Summary and Info
Facility safety is an important commercial risk and it has to be managed insists John Taylor in "Safety Culture". Following an accident, the lack of a 'good' safety management system, compounded by a 'poor' safety culture, is a charge often laid on organisations. Accidents can take up to thirty percentage points off annual profits and, often, failure to manage safety has a much larger social cost that can involve fatalities or serious injury to members of the workforce and public. This has been starkly demonstrated in the railway industry, the international atomic energy industry, and through events in the oil exploration and refinery industry. In business terms, the ultimate cost can be receivership. "Safety Culture" highlights examples ranging from the loss of the Titanic, to Bhopal, and the Tokaimura criticality event. In it Dr. Taylor argues that to minimise risks, any hazardous facility requires robustly engineered safety systems, an effective management system and a developed organisational safety culture. Safety culture is a complex social/scientific concept and Dr. Taylor demystifies it with reference to theory normally associated with mainstream business development and change processes. Sections of the book deal with using safety culture theory as a predictive model, the assessment of safety culture, and how to influence culture change to produce the desired behaviours. This is a practically focused book from an author with vast experience at the top level of high hazard industries, he brings together current academic thinking on the concept of safety culture and provides authoritative practical guidance for operational executives, managers and for students in science, safety technology and engineering disciplines.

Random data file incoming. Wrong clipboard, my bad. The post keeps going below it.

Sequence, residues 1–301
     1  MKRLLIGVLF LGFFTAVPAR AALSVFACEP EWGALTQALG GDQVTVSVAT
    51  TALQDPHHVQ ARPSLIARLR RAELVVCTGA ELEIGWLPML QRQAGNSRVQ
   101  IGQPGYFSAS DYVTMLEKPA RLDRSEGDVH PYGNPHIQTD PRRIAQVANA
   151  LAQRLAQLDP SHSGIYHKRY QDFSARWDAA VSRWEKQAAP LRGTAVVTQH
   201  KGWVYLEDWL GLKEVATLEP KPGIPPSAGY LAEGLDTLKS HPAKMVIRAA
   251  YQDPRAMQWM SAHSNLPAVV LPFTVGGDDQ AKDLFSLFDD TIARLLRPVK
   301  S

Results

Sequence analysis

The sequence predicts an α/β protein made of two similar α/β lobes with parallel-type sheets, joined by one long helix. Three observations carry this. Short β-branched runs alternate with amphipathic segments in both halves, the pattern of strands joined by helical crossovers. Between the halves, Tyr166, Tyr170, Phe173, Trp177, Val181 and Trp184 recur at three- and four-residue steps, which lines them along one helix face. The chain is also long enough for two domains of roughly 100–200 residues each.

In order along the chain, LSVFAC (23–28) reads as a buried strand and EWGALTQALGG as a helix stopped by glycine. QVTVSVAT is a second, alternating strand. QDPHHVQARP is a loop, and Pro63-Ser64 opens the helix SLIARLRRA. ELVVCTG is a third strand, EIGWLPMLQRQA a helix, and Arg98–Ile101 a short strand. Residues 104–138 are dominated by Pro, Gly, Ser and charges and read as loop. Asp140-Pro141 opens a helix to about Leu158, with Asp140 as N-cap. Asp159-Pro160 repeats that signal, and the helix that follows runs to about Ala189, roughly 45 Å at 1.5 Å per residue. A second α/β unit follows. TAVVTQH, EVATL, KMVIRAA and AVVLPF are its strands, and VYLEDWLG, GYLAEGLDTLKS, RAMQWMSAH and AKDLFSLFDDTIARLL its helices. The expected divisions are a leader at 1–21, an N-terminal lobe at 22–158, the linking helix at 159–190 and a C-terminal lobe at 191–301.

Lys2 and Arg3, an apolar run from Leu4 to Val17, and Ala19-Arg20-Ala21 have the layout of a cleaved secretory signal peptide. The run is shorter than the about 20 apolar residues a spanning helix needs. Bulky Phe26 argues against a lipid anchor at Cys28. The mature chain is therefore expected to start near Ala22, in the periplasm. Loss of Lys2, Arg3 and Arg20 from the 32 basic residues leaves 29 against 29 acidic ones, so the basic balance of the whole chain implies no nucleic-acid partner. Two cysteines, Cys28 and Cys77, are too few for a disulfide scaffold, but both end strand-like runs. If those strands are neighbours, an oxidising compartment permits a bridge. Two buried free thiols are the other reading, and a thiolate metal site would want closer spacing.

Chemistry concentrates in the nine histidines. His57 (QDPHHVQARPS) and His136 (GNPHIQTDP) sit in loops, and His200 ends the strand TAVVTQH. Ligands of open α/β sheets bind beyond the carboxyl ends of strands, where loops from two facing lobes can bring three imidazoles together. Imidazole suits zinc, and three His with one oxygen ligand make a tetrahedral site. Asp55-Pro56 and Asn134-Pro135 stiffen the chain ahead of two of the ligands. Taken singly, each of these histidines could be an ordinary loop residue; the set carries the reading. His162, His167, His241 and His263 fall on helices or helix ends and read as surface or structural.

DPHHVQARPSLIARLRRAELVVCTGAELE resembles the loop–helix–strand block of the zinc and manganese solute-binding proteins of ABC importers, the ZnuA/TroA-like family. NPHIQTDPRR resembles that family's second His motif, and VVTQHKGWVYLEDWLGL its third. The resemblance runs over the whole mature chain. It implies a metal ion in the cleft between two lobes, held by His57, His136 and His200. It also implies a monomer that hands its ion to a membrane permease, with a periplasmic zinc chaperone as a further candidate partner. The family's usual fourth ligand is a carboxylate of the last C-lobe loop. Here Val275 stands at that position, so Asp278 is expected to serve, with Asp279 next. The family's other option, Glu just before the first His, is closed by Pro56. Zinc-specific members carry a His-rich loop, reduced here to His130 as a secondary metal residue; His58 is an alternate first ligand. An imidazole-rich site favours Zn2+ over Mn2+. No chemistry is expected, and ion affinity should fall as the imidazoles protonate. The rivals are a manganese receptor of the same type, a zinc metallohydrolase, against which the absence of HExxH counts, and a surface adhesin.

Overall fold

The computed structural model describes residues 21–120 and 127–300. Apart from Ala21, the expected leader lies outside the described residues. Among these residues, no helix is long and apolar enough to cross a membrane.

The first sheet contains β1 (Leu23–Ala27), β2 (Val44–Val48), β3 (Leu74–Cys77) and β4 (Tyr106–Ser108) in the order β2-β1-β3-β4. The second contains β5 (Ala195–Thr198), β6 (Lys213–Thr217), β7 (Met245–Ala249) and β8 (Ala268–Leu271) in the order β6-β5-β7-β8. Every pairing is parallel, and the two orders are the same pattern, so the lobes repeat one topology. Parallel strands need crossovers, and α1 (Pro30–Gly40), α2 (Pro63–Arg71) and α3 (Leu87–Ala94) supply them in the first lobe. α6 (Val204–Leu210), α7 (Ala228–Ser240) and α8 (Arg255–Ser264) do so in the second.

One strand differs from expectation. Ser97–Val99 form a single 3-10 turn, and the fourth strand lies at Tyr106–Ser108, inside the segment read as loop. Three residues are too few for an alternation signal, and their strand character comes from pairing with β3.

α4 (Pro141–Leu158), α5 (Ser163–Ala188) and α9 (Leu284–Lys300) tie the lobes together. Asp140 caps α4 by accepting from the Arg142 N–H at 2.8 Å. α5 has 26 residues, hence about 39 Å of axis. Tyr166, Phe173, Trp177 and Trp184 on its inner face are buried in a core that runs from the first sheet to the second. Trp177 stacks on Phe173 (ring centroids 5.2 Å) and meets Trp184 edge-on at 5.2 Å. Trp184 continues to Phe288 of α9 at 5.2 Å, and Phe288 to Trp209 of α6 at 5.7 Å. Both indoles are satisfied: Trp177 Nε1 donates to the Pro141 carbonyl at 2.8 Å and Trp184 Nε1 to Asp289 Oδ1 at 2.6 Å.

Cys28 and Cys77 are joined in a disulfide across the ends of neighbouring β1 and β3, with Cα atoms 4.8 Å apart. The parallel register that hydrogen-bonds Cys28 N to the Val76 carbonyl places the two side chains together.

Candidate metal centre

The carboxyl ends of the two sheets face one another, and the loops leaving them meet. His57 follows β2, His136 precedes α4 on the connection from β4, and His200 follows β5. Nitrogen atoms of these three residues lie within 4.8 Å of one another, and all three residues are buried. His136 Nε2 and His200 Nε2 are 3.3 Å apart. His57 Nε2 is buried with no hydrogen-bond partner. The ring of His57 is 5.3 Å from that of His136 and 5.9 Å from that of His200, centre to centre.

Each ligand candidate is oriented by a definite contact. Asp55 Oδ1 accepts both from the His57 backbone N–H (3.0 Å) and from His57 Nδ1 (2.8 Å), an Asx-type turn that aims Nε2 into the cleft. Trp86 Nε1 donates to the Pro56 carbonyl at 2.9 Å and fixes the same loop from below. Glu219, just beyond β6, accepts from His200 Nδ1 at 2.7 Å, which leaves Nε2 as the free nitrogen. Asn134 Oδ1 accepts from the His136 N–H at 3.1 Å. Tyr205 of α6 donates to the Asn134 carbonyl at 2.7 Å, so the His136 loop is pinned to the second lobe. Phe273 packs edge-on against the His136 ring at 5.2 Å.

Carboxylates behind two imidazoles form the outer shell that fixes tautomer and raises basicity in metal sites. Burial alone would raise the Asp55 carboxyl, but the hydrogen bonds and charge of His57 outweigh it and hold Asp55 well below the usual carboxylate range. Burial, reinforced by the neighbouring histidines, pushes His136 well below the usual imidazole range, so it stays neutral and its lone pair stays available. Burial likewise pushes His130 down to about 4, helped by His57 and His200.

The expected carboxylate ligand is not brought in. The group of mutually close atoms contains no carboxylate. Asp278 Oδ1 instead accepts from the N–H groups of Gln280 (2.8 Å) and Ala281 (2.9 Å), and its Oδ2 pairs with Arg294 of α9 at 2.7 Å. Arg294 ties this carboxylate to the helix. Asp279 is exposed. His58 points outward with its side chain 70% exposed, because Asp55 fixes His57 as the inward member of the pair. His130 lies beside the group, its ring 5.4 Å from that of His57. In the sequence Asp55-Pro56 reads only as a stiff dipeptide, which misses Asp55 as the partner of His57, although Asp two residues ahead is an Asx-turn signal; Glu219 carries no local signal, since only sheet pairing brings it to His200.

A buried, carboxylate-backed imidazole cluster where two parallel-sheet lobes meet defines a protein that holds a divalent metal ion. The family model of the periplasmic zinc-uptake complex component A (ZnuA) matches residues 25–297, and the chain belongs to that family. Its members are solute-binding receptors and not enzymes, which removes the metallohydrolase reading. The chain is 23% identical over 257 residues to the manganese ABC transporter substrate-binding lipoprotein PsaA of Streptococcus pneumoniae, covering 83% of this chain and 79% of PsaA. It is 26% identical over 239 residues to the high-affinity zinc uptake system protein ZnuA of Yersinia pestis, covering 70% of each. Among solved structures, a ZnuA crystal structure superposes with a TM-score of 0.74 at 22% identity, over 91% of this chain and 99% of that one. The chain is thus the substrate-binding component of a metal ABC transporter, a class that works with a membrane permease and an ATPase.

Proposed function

More About the Author
John Bernard Taylor KCVO (6 May 1929 – 1 June 2016) was a British bishop and theologian.
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